• February 3, 2011 at 3:29 pm

      Hey J. Thanks for your comments. Nicki Minaj sure can be polarizing, we agree, though we think we made a good case for why she is, despite your passionate opinion, and many of our personal love for a more “purist” form of hip hop, still highly worthy of mention, especially in a year-end recap of New York hip hop as a whole.

      That being said, we totally agree with you (and mentioned it in our writeup) that there certainly needs to be more exposure for the non-Nicki Minaj femcees who have as much, and in many cases, much more talent and significant content. But this is a bigger problem, one that male artists also face, and is a product of the uncaring commercialization of hip hop where your anger should be directed, not at those who do get popularized by the system, and not at an online publication who speaks on them, especially one who has also noted Jean Grae, Rah Digga and other talented female artists who unfortunately do not see the mainstream success that Nicki Minaj does.

      • J
        February 3, 2011 at 5:42 pm

        “But this is a bigger problem, one that male artists also face, and is a product of the uncaring commercialization of hip hop where your anger should be directed”

        Again Minaj etc is THAT commercial garbage pushed by the uncaring corportations, why can’t you see this?

  • January 10, 2011 at 8:22 pm

    I am working on an ep i am very good :)

  • January 10, 2011 at 2:42 pm

    The only reason I think you are crazy is co-signing Nicki Minaj… And maybe the whole schizophrenic part of your career [smirk].

    On the real, if I understand your arguments for why she is a refreshing presence or voice in Hip Hop, they are the same for why she is an unhealthy one. I am not questioning her skills or her hood pass. I don’t know about her resume in either category enough to participate in conversations or debates about them. I am speaking strictly to how she is allowing herself, her art and her voice to be represented to the masses. Her voice is not unique because it only gets an octave or so above Wayne’s and maybe an octave or two lower than SoSo Def’s average artist. Her look (save for an occasional piece of really bright fluorescent clothing) is nothing that Lil Kim or most of the (I believe this is a ‘family’ publication, so I will say) eye candy most Rappers employ for their music videos haven’t done. To me the main thing that sets her apart is the same reason for concern.

    She is seen as the voice of an underrepresented group in Hip Hop. Women. The 55/45 minority that was there from the beginning and has been systematically shuffled from the forefront. In preparing for a special series of Olde Skool shows a few months back I revisited a compilation of Hip Hop music from what is largely recognized as the first year our music was on wax, 1979. What struck me about it this time was how many female artists were involved. The collection was at least half female (and that’s not including Funky 4+1). Fast forward 31 years and what went from a few kids who didn’t want to join gangs in the South Bronx has become a global force in youth and pop culture. I know you know this fact and that to an extent this publication exists in response to it. However as other parts of the world grew to love us (and corporations grew to love to pimp us) women went from representing half the voices to representing one voice. What’s worse is that this factor may be largely an American thing because some of the brightest female voices in Hip Hop, though largely ignored in this country have proved they get love elsewhere (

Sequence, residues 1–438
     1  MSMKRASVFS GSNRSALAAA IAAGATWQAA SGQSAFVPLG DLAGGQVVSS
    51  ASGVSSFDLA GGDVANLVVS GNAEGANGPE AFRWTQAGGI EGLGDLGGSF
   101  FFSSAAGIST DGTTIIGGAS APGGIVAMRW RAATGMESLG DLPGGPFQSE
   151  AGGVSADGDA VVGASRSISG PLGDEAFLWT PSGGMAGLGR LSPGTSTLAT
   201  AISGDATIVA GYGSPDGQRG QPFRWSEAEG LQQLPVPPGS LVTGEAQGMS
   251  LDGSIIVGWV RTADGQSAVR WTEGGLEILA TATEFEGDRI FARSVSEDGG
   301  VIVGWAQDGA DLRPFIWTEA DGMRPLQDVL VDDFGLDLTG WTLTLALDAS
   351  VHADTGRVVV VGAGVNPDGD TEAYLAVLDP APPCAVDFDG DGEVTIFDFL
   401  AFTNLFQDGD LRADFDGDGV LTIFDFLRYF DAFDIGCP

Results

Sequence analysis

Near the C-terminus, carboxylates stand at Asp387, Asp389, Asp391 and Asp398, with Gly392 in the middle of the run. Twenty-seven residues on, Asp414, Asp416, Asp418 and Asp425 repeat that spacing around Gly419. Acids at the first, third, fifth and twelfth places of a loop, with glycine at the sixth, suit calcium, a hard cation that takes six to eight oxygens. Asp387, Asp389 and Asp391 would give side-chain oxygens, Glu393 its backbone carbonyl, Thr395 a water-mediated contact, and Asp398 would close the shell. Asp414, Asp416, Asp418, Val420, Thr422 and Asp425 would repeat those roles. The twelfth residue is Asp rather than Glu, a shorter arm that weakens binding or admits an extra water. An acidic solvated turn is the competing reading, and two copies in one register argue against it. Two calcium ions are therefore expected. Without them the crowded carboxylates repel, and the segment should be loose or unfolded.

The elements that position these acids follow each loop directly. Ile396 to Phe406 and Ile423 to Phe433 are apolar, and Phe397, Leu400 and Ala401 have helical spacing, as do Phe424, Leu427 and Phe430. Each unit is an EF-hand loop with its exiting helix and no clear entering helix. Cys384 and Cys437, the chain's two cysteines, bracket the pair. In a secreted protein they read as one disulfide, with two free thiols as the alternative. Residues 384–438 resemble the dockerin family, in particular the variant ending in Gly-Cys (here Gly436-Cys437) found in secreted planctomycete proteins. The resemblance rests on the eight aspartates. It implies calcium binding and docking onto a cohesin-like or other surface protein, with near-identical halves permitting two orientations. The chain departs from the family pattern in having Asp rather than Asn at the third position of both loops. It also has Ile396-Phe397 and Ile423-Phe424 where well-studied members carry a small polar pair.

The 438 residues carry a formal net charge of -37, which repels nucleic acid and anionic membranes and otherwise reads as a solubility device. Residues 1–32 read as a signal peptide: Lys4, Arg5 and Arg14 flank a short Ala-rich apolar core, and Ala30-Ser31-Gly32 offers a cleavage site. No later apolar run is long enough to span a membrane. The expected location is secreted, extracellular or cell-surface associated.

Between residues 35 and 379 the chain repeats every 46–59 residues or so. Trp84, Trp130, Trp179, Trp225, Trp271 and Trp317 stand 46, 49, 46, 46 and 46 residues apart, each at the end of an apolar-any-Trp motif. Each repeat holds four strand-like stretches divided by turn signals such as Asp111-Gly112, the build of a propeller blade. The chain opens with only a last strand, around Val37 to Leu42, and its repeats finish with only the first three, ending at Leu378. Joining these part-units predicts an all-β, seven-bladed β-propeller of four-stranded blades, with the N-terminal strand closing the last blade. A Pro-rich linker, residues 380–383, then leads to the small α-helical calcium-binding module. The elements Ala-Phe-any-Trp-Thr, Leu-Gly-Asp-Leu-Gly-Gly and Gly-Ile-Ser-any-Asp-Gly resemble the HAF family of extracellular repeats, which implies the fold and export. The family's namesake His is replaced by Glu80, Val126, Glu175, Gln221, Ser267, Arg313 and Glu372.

In an environment like this any female voice selected as worthy by the major labels and traditional major media is expected to represent more than just herself. It to me is a kin to the struggle that people of color (and to an extent women) have been engaged in with television over the last 50 years. I apologize for putting this at your feet because I know your heart and I know you have some of the same concerns. I am just suggesting that the music industry can’t have it both ways. They can either love us or demonize us. If they want to love us enough to eat off us, they owe us enough to represent more than 1 image of our women (or 5 images of us in general). In terms of women specifically, until MCs like: Whut? Whut?/Jean Grae, Kalae All Day, Rah Digga, Lyric/Sara Kana, Akua Naru, Eternia (she’s at least part NY based) can get equal billing and opportunities with miss Nicki than I don’t think we should be so quick to support Nicki. Its beyond time that the industry understands that Hip Hop is more than a column on their PnL report. It is a living and (counter to the beliefs of some who also love it but are frustrated by its perceived stagnation) breathing kulture. One that has proven its ability to be enriched by us, now many of us need to acknowledge how we are enriched by it.